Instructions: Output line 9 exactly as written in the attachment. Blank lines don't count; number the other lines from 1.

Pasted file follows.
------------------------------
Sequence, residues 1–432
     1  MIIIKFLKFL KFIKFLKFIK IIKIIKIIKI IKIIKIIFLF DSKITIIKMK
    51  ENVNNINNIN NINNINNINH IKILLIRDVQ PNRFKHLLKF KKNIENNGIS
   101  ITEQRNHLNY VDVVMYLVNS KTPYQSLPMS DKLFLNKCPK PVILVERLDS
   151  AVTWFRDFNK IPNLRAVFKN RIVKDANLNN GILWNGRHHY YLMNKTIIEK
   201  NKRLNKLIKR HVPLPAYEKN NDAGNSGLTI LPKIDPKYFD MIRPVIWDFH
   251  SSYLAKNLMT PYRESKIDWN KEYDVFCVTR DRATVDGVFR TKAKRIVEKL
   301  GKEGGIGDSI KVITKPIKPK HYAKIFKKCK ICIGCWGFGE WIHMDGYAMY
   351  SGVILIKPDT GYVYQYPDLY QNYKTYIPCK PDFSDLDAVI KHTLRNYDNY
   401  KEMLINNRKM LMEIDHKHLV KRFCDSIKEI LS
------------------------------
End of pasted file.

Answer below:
   351  SGVILIKPDT GYVYQYPDLY QNYKTYIPCK PDFSDLDAVI KHTLRNYDNY